Once A Carnivore: A Journey To Health Through Veganism
These days, I find great pleasure in eating from the bottom of the food chain. Sometimes I just have to admire the beauty and scope of the options: bright orange carrots, vibrant bell peppers, deep green broccoli and crunchy apples, sweet berries, juicy nectarines, plums and pears, nutty grains, peppery greens and tender beans in all shapes, sizes and hues. There isn’t a dull member of the plant kingdom – hardly a fruit or vegetable appears at the muddy end of the color palette (okay, so potatoes aren’t winning any color competitions – but there is the gorgeous purple variety). Surely the colors are meant to tempt. They wear their nourishment on their sleeves.
You guessed it. I’m a vegan. But let me begin by establishing my flesh-eating bona fides. I did not grow up with hippie parents doling out sprouts and homemade granola. I’m a Cleveland girl raised by parents of Czech-English-Italian-Sicilian descent. A Cleveland girl knows from meat. I have good memories of enjoying deep-fried and platter-sized weinerschnitzel at Frank Sterle’s; ordering thick pastrami sandwiches and matzo ball soup at Corky & Lenny’s and standing in line at Alesci’s deli to order sticks of pepperoni and ponderous globes of provolone. Hot dog with the works? Yes, and thank you very much. Slab of kielbasa - why not? (Sausage could be the unofficial state food of Ohio.) I never met a hamburger I didn’t like and just the smell of a plate of Cuban pulled pork sprinkled with lime juice could induce a blissful food coma.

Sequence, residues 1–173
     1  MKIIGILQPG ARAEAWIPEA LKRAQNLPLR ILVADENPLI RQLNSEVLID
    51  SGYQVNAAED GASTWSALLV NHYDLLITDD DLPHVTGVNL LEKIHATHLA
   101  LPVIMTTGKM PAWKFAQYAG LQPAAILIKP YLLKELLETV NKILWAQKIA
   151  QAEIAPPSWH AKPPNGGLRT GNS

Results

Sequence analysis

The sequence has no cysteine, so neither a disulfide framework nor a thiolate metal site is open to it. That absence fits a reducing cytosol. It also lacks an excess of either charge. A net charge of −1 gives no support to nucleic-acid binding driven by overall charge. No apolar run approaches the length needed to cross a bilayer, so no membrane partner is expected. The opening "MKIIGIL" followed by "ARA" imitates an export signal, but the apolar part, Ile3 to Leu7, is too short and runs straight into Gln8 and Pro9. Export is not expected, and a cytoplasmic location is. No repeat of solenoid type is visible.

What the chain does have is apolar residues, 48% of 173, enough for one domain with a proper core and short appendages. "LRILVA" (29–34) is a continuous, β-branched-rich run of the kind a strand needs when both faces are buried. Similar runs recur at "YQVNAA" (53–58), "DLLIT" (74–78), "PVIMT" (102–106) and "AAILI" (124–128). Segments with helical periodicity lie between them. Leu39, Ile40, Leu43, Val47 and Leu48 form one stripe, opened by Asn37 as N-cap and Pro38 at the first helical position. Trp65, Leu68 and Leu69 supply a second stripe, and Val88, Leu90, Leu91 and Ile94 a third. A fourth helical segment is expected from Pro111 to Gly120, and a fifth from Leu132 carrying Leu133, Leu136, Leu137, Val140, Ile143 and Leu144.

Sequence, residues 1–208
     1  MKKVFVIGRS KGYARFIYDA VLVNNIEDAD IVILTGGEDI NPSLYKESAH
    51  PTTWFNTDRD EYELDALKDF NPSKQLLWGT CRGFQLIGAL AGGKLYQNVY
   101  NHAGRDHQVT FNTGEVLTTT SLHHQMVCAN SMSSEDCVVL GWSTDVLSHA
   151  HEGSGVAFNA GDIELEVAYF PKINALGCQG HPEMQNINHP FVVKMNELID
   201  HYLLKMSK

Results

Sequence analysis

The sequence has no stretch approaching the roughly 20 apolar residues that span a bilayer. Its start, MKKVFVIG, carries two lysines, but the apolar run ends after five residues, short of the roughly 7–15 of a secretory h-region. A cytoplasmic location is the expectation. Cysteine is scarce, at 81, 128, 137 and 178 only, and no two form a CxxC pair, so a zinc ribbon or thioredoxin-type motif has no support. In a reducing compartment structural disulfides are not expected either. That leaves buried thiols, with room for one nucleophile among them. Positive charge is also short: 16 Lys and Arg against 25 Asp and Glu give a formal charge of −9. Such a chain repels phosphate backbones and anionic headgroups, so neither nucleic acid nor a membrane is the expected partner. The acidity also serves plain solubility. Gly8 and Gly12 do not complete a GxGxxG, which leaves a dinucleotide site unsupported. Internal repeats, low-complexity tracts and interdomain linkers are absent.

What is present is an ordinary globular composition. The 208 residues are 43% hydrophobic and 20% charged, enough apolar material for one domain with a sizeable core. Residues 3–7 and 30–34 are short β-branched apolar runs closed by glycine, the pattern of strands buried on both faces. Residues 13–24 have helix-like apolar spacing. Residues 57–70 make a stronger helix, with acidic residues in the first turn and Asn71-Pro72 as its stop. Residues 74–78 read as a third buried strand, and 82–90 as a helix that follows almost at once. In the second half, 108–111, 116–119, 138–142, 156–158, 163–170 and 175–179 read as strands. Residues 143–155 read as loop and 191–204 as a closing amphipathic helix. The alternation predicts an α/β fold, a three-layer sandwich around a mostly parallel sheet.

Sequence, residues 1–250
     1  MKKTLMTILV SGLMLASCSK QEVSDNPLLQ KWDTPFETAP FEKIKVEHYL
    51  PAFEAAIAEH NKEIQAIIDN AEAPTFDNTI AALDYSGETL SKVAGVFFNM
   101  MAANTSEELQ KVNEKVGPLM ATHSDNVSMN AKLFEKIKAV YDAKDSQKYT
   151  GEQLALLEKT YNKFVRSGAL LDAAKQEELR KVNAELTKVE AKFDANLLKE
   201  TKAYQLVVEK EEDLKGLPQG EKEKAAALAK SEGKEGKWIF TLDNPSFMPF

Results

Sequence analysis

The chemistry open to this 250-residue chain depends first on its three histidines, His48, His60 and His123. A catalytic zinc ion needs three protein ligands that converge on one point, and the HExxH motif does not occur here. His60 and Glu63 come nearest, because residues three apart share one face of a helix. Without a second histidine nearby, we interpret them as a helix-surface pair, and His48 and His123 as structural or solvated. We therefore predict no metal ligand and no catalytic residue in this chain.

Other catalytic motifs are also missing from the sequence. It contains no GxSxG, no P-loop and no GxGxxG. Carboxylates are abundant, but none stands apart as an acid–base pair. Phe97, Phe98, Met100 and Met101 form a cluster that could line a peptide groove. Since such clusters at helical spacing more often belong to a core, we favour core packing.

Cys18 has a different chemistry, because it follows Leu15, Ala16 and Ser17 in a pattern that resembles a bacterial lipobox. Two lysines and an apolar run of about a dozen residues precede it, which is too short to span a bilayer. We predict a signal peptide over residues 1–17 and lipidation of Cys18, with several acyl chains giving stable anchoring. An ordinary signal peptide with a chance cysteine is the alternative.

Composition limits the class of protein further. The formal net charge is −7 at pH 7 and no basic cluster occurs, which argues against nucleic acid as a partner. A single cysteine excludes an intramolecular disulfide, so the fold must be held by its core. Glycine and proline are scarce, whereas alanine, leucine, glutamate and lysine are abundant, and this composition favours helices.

So what happened? I took an interest in my body. I started running and working out. I hit the books. It was a natural progression from exercising my body to finding the optimal fuel to keep it feeling good and running smoothly. It felt right to really think about what I was ingesting. Long runs demand wise food choices and strength training calls for foods that heal and empower. The journey began with Fast Food Nation (I stopped eating meat the same day I read the chapter on slaughterhouses) and The China Study (if you’re drinking milk for strong bones, you might want to come up with a Plan B) and continues today with Prevent and Reverse Heart Disease: The Revolutionary, Scientifically Proven, Nutrition-Based Cure, by Caldwell B. Esselstyn, Jr., MD. Over the years I’ve adjusted my diet slowly: first banishing fast and processed foods, then meat, followed by sugar, then dairy and now I am moving towards eliminating all refined grains and oil (yes, even the extra virgin variety.) According to Esselstyn’s book, the average person consumes 65 pounds of heart-disease-inducing fat per year and the American average cholesterol levels are around 200 mg/dL. To stay on the fast track to a heart attack or stroke, keep eating meat and cheese. On the other hand, plants contain minimal amounts of fat and have zero cholesterol – which means your veins stay clean and your motor runs like a champ. (As for the tired argument about protein: don't worry about it. Most of us get too much protein anyway - and a balanced diet based on plants will provide you with all of the protein your body needs.)Continued on the next page